It is great that you and your frienda are actively engaged in
preserving our country's literary heritage.  Blessings upon you.   As
for me, I have always been  a bit of an archivist at heart.  While a
student at McGill, I did take a course in archives.
  Al Purdy,  one of our great People's Poets,    many years ago
spent the winter months at Loyola, as writer in residence.  This is
where I worked for many years.  I thought a little anecdote about
Purdy would be of interest to you.  Al Purdy was in the habit of
bringing   beer into the classroom.  He would throw the empty beer
cans out  of the window, and they would tumble down into the snow.
Come spring, after  the snow had melted,  a  pile of beer cans was
clearly visible on the grass next to the classroom where Purdy had
held court.  A fitting tribute to one of our great poets.  Purdy was
always  very kind,  and passed on to me several nicely inscribed
volumes of his poetry.
    I hope your return home is without incident.
    Namaste.   Peace.
    Regards to Chase.   Woof woof.
    Marvin, in a sunny and warm Montreal.

July 23/12

Hi Marvin,
Back from a very successful & enjoyable visit to Toronto. The Acorn launch at the Parliament Street Library went very well. Our little 'poetry fellowship' gang managed another full room for the event - same as we did with the Runnymede Library Tribute to Raymond Souster last November.

I also attended TO poet Julie McNeil's 20th annual poetry soiree. She's a great hostess, & I knew just about everyone there. It was esp. nice to see two longtime supporters of Canadian poetry there - Don Cullen and Maria Jacobs - both must be up there in the 70s somewhere now.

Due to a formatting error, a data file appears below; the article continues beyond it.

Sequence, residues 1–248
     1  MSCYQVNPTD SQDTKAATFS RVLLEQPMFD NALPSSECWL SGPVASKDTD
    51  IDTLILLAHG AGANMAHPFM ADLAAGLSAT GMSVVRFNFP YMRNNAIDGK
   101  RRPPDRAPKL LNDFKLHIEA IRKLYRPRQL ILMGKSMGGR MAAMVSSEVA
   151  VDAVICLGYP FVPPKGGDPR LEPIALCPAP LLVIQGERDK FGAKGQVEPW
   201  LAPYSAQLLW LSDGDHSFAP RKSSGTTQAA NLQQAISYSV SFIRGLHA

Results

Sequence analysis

Love your anecdote about Big Al. Think I'll post it on my blog ... trust this is OK - too great a story not to share!  :  )

I'm in the final stages of organizing PurdyFest #6 - this year we're naming it AcornFest in honour of Milton Acorn. At the Parliament St. gig I hooked up with some old comrades & friends, & Joyce Wayne, from Steel Rail Publishing days, now plans to present a paper on Milt at the Symposium.

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I'm planning to mail you the manuscript for my 1986 book, FOOT THROUGH THE CEILING. I received the inaugural Milton Acorn People's Poet medallion for it in 1987.

There are some interesting and even quirky things about the mss and its development. I'm taking a quick poke thru the mss now, to see what might merit mention.

I had 3 poet friends help me select the poems for inclusion, & in that methodical way we librarians like to do things, I drew up a graph and had the 3 friends rate the proposed poems from 1 to 5. Two of the selectors are long gone - both sad situations, dead well before their times & before either achieved the literary reps they deserve. Jones (Daniel) was one selector, and another was Shaunt Basmajian. I published chapbooks by both of them with my Unfinished Monument Press. I believe the third selector was James Deahl, but it might have been Carol Malyon? That page is a photocopy (the rest are the original typings), and the dogeared photocopy has blanked out the name of the first selector ... argggh.